Jalal al-Daula

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Abu Tahir Jalal al-Daula (993 or 994 – March 1044) was the Buyid amir of Iraq (1027–1044). He was the son of Baha' al-Daula.

In 1012 Jalal al-Daula's father died. His brother, Sultan al-Daula came to the throne and appointed him as governor of Basra. He ruled there up until Musharrif al-Daula, who had taken control of Iraq, died in 1025. His death caused a succession crisis. The army took more than two years before choosing Jalal al-Daula as his successor in June of 1027. He subsequently became involved in a bitter fight with his nephew Abu Kalijar, who controlled Fars and Kerman. The two Buyids were not always enemies; for example, Jalal al-Daula provided support to Abu Kalijar when the Ghaznavids invaded Kerman in 1033.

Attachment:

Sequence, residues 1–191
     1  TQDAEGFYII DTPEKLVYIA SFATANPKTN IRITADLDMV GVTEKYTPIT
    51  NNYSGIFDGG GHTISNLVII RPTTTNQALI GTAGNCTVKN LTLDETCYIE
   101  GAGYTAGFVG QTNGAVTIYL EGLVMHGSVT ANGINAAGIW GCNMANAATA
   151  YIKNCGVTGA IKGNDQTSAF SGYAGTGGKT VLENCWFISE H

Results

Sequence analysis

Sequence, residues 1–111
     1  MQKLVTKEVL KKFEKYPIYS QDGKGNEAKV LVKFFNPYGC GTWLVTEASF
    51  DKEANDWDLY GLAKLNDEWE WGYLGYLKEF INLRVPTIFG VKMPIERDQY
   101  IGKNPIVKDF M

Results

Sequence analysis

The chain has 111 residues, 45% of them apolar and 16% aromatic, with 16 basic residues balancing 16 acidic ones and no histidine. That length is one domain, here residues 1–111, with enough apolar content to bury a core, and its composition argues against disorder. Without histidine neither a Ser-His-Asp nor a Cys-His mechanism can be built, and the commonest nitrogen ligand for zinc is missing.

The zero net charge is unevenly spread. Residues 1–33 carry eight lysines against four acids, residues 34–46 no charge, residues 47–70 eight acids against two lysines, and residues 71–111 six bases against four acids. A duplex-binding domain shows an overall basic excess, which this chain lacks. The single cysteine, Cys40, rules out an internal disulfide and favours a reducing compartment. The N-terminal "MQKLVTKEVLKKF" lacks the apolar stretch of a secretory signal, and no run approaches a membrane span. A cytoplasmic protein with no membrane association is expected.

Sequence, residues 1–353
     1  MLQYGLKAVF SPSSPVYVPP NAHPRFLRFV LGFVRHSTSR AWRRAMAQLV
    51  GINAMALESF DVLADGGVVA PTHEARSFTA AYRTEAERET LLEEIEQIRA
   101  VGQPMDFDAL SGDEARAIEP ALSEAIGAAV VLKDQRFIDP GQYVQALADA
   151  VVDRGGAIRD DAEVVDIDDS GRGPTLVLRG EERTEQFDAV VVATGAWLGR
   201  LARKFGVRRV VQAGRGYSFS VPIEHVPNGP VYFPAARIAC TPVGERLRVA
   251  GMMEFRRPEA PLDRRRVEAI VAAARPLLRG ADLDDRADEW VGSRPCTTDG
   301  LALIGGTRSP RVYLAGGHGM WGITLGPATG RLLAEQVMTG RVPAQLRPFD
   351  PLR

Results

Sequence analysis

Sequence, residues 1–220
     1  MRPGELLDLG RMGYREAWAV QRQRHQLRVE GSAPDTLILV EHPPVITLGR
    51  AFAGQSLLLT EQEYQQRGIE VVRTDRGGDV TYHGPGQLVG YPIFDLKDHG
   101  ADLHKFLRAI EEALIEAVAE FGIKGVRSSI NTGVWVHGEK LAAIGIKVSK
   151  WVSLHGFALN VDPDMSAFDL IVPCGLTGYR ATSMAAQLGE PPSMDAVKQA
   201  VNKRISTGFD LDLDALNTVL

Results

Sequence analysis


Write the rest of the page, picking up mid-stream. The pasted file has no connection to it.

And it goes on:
Jalal al-Daula was however also forced to deal with problems in his own realm, which consisted of little more than Baghdad and Wasit following Abu Kalijar's seizure of Basra. His army was continually hostile, a situation which devolved to the point where the caliph often acted as a mediator between the amir and his troops. A mutiny led by a Turk named Barstoghan in 1036 or 1037 was therefore not surprising. The revolt provided Abu Kalijar with an opportunity to invade. He failed to take Baghdad, but gained Jalal al-Daula's allegiance. The latter, however, had the support of the Uqailid amir of Mosul and the Arab tribe of the Asadids, and he was soon restored to his full power as an independent ruler. Jalal al-Daula continued his rule in Iraq until his...
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